I work at an educational company and I noticed that installing a computer always took a lot of time.
I will explain how it was done until now and then how I tried to optimize it.
Installing Windows XP (without any SP) was slow and annoying because you had to configure the same settings over and over again. (key code, timezone etc) When you had a drive larger than 137GB or you had a SATA drive then you had a problem. These things are only supported by default since SP1.
Creating a sata driver floppy consumes time and not all computers have floppy drives these days.
SP3 includes wpa2 and UAA (Universal Audio Architecture)
Watch out: SP3 does not include AHCI support!
Slipstreaming SP3 onto the Windows XP install CD solved these problems.
To avoid configuring the same settings over and over again I created a unattended config file and put it on the CD. The only setup thing that isn't automated is the partitioning. Since we always create a D: drive for offline usage.
Make sure the C: drive is minimum round 10-20GB otherwise you will have problems in the future. Caches of roaming profiles and backups from updated files slowly eat your computers C: drive space.
I had to download the latest drivers for hardware MS Windows XP did not include. Slipstreaming SP3 into the Windows XP install CD increased
the number of available default drivers.
Installing office 2003 always took a lot of time because you had to install it (always fill in same serial) and then install the SP. So I created an administrative share and used that. When installing the latest hotfixes, some PC's started to complain about missing install files. This was because an administrative share doesn't create a local cache of the install files. (Msocache)
So always install Office 2003 with the CD. Don't make the same mistake I did. This means you have to fill in the serial but it is a small price to pay to save you a lot of trouble afterwarts.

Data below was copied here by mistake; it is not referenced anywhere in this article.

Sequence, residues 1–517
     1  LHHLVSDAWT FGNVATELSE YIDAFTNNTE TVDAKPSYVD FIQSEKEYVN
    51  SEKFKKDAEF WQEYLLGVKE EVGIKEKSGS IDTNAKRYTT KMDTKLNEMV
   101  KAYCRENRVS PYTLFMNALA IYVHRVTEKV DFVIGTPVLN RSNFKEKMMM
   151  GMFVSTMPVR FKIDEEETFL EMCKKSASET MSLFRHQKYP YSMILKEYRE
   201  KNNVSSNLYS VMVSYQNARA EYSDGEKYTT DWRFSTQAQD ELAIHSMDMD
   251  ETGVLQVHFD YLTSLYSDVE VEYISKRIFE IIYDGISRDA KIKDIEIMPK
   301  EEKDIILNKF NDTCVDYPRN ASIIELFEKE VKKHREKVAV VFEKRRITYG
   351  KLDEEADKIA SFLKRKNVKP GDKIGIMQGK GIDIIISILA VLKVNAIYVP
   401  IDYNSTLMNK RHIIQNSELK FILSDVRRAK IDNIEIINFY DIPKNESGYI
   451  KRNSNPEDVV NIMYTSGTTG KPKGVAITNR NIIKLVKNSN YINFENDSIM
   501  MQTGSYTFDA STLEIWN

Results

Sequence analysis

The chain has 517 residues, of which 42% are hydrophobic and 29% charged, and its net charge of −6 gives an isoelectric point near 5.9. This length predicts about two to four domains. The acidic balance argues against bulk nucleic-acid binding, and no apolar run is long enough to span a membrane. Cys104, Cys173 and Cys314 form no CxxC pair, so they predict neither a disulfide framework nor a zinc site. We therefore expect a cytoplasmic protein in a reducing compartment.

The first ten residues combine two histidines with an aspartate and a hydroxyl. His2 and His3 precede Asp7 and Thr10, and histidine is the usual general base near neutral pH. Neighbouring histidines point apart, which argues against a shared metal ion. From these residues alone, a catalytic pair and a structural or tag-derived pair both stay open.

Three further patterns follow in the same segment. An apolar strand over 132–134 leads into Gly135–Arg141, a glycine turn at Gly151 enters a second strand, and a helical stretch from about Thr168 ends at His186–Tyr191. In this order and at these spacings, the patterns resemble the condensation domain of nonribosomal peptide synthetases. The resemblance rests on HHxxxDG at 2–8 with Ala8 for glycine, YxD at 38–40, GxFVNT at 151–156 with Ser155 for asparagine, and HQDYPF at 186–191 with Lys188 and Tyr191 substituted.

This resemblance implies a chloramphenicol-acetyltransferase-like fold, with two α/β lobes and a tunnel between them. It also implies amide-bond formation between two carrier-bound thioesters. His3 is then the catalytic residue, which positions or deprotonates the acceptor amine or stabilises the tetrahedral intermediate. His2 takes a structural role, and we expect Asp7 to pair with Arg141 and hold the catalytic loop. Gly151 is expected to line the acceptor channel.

Then I went to the windows update site to download the latest hotfixes for windows XP and Office 2003. These days I use a WSUS server for this. All updates that I want are installed automatically.
Couldn't find a way to fasten this.
Replace Default User
The Default User in c:\document and settings\ is replaced by a custom made on. So all new local users have the right settings.
Install extra software
First we did all of this manually. Then I started searching for MSI files of the packages.
So now a part is deployed through gpo (msi file + custom mst) and the rest is manually installed.
SMS was to expensive. Our network is too small to spent a lot of time repacking exe files in msi.
Since exe files through gpo install are per user and not per machine this also wasn't an option.
We have a lot of people sharing the same machines.
Configure some settings
Disable auto reboot on crash for example (I like to see the blue screen so I know what is wrong)
Create user account
We create one user account for offline usage
As you can see, even after doing a lot of optimalisations still a lot of things are done by hand.
The time I had to put in setting up a machine was unacceptable and monkey work (always the same thing).
That's why I started searching for a imaging tool and preferable on that is free.
I looked at Norton ghost, PING and clonezilla.
For Norton Ghost you need a license/computer. Kind of expensive even with an educational license.
I tested PING but found it to be too slow.
Clonezilla was fast, free and worked great so I'm using this program now.
At the moment I only have tested it with putting images on a SMB share and booting the program from the live CD.
So I don't know anything about booting from LAN. Maybe in the future I will try out this functionality.
Clonezilla doesn't have a SID regenerator onboard so you will need sysprep for this.
First install everything on the PC and do all the needed setting changes. Then you need to execute sysprep, reboot and start the clonezilla live CD.
If your using the clone partition and not clone disk option then watch out with MS Office 2003. When installing MS office 2003 make sure you only have a C: drive so the installation cache files are placed on the C: drive.
Since drivers can vary depending on the hardware you must have a decent computer purchasing policy and try to have as much as possible the same computer models. Since you make an image/model.
contact me at kristof dot vansant at pandora dot be